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First WA jointly funded electric buses completed

The electric bus has rolled out of Volgren’s Malaga facility as the first delivered in the $250 million joint initiative

The Western Australian and federal governments have revealed that they’ve hit a major milestone in the transition of zero-emissions public transport in WA, with the state’s first electric bus manufactured as part of a joint initiative now completed.

The first electric bus was built locally at Volgren’s Malaga facility in Perth’s north, with the bus representing the first bus built as part of the joint $250 million project between the federal and WA governments.

The federal government has committed $125 million towards electric bus charging infrastructure in Perth, with a further $125 million provided by the WA government to acquire 130 locally manufactured electric buses.

“Under our government, we’re building WA’s clean energy future right here in WA,” WA premier Roger Cook says.

“In partnership with the federal government, we’re delivering the next generation of electric buses, locally built in our northern suburbs.

Image: Volgren

“It means we’re cutting emissions, busting congestion and providing affordable public transport while creating local jobs and building our skilled workforce for the future.”

The investment will also include the installation of charging infrastructure at key depots and major upgrades to manufacturing facilities to support the future production of electric buses.

The bus is now undergoing testing and commissioning and is expected to enter services in the next two months.

The new bus will be one of 18 electric buses used on the CBD CAT bus routes, with a $1.65 million contract recently awarded JET Charge to install charging infrastructure at the Elizabeth Quay Bus Station.

All 18 new electric CAT buses are expected to be in service by the middle of next year, with each bus able to travel up to 300 kilometres on a single charge.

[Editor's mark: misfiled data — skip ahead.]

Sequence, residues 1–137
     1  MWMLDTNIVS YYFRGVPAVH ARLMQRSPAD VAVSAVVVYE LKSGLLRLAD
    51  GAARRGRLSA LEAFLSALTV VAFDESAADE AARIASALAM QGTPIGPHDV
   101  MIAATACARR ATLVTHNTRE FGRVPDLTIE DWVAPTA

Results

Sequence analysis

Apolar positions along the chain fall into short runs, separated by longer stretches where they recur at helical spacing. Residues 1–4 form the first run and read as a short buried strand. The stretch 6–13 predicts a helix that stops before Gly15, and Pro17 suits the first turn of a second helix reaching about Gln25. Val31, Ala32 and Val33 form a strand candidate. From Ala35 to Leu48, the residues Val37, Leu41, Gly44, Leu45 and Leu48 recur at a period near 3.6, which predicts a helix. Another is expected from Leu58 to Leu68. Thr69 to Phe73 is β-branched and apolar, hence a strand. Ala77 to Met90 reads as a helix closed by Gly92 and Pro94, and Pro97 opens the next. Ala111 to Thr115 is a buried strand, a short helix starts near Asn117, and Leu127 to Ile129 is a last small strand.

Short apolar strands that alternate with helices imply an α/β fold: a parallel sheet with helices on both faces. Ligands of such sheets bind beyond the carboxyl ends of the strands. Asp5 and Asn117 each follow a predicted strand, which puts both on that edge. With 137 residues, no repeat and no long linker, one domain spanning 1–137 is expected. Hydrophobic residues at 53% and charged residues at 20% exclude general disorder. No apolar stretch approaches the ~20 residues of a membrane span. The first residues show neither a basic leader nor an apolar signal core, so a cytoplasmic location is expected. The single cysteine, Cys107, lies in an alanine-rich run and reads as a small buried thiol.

Analysis undertaken by the Western Australian government shows the cost to operate an electric bus across its 18-year service life is around $1 million less than the current diesel buses.

The delivery of the first full fleet of electric buses comes after a trial of four electric buses began in the Joondalup area, in northern Perth, in February 2022.

All four electric buses are still in service, operating from the Joondalup bus depot using a high-voltage EV charging system to power the buses.

Since the trial began, they’ve carried more than 440,000 passengers and covered more than 380,000 kilometres, saving about 350 tonnes of carbon dioxide emissions in the process.

The investment to deliver the new electric bus fleet in Western Australia is directly supporting more than 100 local jobs, including nine apprenticeships.

Volgren has been building Transperth buses at its Malaga facility since 1999, with more than 2,200 manufactured and delivered over that time.

Staff have also undertaken specialised high-voltage technical training in recent weeks to prepare them for the growing electric bus fleet.

“The federal government is investing in a future made in Australia. Perth’s economy will be boosted for years to come from this funding partnership with the Western Australian government which supports jobs and local manufacturing,” federal transport minister Catherine King says.

“We’re partnering with the Western Australian government to deliver sustainable and cost-effective transport options to improve services and travel times for public transport users in Perth.”

“Shifting the CAT bus services to fully electric is another important way we are enhancing the service – both environmentally and economically.”

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